others, is seeking answers to the challenges thrown up by global
politics and economics.

A characteristic of the current international situation is that
the obvious growth of very different forms of competition is
combined with increasing economic interdependence among the
competitors. This makes nonsense of the fashionable comparisons
with the «Great Game» of the 19th century, the run-up to the First
World War or the Cold War period.

We have lived through many historical perturbations over the
last 20 years. The 9/11 tragedy is considered one of the truly
critical moments which turned the planet upside down. Russia has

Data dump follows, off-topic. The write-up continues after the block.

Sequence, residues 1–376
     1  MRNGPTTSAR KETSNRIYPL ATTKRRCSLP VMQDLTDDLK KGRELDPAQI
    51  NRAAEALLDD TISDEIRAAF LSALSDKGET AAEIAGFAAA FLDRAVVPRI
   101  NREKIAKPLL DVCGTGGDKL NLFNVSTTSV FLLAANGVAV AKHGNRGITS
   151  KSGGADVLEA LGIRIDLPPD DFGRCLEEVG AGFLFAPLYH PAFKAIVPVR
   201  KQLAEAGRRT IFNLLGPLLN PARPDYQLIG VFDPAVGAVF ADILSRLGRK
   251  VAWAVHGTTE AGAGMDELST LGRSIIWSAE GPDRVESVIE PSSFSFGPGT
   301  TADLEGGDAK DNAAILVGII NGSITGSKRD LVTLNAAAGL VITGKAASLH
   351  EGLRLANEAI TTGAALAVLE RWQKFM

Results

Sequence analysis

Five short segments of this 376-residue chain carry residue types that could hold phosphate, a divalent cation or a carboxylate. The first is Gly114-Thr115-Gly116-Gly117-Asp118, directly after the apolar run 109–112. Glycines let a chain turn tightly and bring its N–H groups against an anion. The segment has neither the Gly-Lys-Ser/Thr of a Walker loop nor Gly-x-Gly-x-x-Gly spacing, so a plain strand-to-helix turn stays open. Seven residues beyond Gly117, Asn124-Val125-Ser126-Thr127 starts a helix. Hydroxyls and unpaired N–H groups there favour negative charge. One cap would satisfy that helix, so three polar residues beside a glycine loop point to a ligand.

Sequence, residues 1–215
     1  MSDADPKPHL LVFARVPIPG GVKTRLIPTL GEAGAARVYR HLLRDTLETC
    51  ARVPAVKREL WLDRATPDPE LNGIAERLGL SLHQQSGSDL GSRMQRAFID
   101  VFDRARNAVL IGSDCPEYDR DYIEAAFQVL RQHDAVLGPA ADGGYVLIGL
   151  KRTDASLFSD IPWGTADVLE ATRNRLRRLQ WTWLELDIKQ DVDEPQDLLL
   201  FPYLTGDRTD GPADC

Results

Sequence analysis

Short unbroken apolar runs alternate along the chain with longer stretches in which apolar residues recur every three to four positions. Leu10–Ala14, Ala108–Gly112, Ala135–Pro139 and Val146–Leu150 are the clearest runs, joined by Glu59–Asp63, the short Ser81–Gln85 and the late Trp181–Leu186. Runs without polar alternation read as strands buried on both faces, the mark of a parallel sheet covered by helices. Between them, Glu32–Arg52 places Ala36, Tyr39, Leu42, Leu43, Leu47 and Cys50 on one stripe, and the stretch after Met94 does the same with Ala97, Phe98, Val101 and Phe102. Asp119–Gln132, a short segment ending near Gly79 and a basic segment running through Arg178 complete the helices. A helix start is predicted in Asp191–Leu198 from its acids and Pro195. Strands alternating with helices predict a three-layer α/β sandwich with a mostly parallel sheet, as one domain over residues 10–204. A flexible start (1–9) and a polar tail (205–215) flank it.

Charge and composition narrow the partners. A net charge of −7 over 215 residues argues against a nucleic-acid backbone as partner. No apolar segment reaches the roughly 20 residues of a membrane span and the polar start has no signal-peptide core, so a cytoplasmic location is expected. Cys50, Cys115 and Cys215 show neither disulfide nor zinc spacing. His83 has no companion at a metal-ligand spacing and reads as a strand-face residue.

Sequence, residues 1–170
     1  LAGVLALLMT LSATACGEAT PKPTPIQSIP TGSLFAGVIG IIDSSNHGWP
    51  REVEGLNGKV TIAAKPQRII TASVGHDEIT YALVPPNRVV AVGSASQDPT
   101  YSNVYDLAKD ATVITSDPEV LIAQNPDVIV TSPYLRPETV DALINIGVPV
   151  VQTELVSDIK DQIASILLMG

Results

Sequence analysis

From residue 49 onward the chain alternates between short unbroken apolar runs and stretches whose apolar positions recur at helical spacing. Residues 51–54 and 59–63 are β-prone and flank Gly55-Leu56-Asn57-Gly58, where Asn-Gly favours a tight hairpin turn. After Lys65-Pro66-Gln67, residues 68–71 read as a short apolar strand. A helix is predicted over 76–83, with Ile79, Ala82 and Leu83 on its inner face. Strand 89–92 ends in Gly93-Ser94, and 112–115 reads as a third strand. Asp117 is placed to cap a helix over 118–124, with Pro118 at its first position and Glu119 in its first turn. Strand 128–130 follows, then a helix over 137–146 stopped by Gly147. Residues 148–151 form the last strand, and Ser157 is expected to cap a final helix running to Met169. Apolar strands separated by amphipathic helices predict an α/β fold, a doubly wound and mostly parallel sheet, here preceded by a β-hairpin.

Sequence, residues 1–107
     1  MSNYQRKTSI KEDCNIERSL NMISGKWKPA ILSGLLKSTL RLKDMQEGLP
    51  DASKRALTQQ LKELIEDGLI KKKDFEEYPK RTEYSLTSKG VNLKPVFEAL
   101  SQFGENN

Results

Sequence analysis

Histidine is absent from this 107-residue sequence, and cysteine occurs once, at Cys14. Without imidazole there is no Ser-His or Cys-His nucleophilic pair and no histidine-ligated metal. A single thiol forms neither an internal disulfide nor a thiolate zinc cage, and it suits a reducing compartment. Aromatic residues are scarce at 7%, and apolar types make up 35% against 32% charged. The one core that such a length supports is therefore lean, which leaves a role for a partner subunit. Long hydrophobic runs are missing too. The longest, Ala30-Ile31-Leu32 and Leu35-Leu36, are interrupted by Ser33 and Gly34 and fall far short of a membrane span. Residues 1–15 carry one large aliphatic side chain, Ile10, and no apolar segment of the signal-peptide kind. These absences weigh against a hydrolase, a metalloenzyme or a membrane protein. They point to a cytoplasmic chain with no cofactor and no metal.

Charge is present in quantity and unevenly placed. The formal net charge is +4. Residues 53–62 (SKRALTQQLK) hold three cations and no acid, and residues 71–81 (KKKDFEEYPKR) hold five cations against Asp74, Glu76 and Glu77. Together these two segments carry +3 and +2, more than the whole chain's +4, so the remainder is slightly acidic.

already called Georgia’s attack on South Ossetia her 9/11. Both
Washington and Moscow said (of their own events) that the world
would never be the same again.

Without in the slightest downplaying the importance of these
events, one could be forgiven for questioning whether they can
justifiably be called turning points. Neither the terrorist attack
on the US not Georgia’s attempt to solve its territorial problems
by force turned the world upside down. They were powerful,
explosive catalysts in processes, which had been potentially
building up for some time.

US behaviour after the attacks on New York and Washington was no
volte face, but simply a logical continuation on the same course,
using the tools which were formed during the 1990s. The neocons had
just come to power in Washington and for them it was an unexpected
justification for forcing the implementation of plans had developed
a long time before.

Russia’s actions after the Georgian attack were not in line with